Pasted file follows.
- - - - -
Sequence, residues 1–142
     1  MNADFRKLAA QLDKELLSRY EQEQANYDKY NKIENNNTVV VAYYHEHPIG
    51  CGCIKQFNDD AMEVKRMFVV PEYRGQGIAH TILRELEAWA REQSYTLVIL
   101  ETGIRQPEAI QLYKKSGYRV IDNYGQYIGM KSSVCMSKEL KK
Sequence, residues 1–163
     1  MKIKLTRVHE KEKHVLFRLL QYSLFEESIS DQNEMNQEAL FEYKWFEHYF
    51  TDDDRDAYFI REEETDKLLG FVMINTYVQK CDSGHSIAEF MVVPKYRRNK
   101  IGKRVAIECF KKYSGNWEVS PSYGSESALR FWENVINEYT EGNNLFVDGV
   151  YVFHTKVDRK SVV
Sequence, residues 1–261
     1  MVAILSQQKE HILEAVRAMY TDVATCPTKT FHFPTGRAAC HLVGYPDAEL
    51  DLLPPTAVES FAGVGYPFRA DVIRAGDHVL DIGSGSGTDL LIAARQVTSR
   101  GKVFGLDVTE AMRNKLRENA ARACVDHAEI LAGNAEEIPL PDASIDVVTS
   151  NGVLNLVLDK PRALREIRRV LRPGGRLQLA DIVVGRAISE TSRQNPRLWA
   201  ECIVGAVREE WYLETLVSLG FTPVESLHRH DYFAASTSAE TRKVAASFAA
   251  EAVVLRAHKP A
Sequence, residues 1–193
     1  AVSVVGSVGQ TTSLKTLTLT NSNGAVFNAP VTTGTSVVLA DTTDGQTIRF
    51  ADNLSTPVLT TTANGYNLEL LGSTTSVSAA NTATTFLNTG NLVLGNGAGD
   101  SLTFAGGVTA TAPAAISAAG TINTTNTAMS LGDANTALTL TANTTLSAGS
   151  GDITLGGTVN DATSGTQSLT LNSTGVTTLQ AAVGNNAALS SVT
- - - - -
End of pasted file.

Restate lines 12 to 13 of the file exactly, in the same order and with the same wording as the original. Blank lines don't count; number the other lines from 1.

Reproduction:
    51  DLLPPTAVES FAGVGYPFRA DVIRAGDHVL DIGSGSGTDL LIAARQVTSR
   101  GKVFGLDVTE AMRNKLRENA ARACVDHAEI LAGNAEEIPL PDASIDVVTS